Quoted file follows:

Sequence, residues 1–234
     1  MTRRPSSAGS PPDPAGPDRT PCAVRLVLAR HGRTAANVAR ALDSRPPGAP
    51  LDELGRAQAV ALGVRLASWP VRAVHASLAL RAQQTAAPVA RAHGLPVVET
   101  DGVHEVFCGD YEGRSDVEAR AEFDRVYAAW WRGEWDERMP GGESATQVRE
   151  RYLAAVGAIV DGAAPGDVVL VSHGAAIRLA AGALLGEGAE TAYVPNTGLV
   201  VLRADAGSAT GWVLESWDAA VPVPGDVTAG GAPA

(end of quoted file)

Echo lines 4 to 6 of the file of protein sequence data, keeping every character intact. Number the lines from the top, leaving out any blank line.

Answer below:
   101  DGVHEVFCGD YEGRSDVEAR AEFDRVYAAW WRGEWDERMP GGESATQVRE
   151  RYLAAVGAIV DGAAPGDVVL VSHGAAIRLA AGALLGEGAE TAYVPNTGLV
   201  VLRADAGSAT GWVLESWDAA VPVPGDVTAG GAPA